He claims to have found a similar nest, 22 years later, at the same place and in a similar plant. This all sounds like a fairy tale, but is printed here for what it is worth, as an interesting suggestion that the cloth cup may have been placed there by human hands. It seems incredible that a bobolink could have built such a nest, or even been tempted to occupy it.
The evidence indicates that the male selects the general locality for the nesting, which he occupies until the female arrives and is persuaded to remain there; she, then, probably selects the exact spot in which the nest is to be placed and does all the simple construction. Alexander F. Skutch, in his notes from Ithaca, N. Y., says: “In a field of alfalfa and grass where many males are singing, I have watched long to see a female building, but all in vain. I think that they must work under cover to avoid molestation by the too ardent males. May 28, 1931: Today [found a nest that already contained two Eggs: a sparse and shallow cup of dried grass stems placed on the ground in the center of a clump of alfalfa, in a rather bare part of the generally lush meadow.”
The nest of the bobolink is one of the most difficult to find. The female can almost never be traced to it during the simple process of building, for the small amount of building material can generally be picked up in the immediate vicinity, without having to bring in anything from a distance. The female can seldom be flushed directly from the nest, as she runs for some distance through the grass before flying. I have tried dragging a rope over a field where the birds were nesting, but there was never any nest where any of the birds flushed. The only method I have used with any degree of success is to run wildly back and forth over the field until all the females were flushed, then conceal myself and watch for their return; after marking down the exact spot at which a female alighted, I then might, if I ran quickly to the spot, flush her near enough to me to be able to find the nest by going over the ground carefully on hands and knees.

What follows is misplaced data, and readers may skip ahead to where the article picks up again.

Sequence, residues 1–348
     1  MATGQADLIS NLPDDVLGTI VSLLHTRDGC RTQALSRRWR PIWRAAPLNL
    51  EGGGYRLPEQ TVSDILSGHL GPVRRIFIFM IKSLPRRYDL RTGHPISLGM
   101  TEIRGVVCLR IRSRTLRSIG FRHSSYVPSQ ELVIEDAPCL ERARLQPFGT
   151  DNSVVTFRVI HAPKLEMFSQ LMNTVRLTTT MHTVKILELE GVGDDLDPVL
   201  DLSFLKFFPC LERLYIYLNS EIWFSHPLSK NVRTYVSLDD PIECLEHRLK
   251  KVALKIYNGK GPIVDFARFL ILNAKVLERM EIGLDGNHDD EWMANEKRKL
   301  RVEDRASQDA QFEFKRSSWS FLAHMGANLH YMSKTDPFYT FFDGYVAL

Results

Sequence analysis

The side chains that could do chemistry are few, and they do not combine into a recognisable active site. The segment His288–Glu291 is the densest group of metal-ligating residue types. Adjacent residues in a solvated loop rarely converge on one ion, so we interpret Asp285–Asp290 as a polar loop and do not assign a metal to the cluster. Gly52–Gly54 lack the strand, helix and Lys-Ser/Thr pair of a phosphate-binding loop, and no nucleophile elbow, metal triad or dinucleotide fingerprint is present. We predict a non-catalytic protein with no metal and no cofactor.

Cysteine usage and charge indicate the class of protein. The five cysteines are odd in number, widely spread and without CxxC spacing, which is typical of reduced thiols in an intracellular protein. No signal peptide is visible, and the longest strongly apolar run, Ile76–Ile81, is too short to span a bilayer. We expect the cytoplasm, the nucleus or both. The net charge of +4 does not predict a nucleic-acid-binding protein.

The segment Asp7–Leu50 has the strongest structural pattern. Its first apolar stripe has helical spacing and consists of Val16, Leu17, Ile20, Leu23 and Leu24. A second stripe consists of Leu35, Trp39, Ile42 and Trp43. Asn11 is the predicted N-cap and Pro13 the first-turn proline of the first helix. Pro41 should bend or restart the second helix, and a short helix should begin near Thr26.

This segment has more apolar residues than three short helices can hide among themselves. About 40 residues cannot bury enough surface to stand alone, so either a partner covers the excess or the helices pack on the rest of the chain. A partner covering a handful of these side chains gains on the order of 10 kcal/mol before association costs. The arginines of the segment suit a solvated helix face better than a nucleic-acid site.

Dawson (1903) says: “If you care to spend an hour or so hunting for the treasures, the safest way is to mark the spot where the bird rose, and then hunt toward your original position along the line of approach.” Skutch (MS.) tells of his method, whicb worked successfully: “Whenever I came close to their nest, the bobolinks made no cries nor demonstrations of alarm, but withdrew to a very respectful distance and eyed me quietly: only the male at times letting a few melodious tinkles escape his muffled bell. The parent bobolinks trusted implicitly in their nest’s concealment; any demonstration would be superfluous or foolhardy. ** * Finally I set up some branches in the ground in the general region of the nest. Returning with food, the bobolinks rested on these before dropping down out of sight amid the grass. Noting the direction they took when leaving the first branch to go to the nest, I set up another on that side, on which the parents alighted when they next returned. And so, by giving myself closer and closer points of reference, I at length discovered the frail cup of grasses, on the ground between the stems of a daisy plant.”
Lyle Miller, of Youngstown, Ohio, writes to me: “Twice I have flushed the female directly from the nest. On several occasions I have found it necessary to touch the brooding bird before she would leave the nest.”
Eggs: The bobolink lays from four to seven eggs to a set, usually five or six, and only one brood is raised in a season. Bendire (1895) describes the eggs as follows: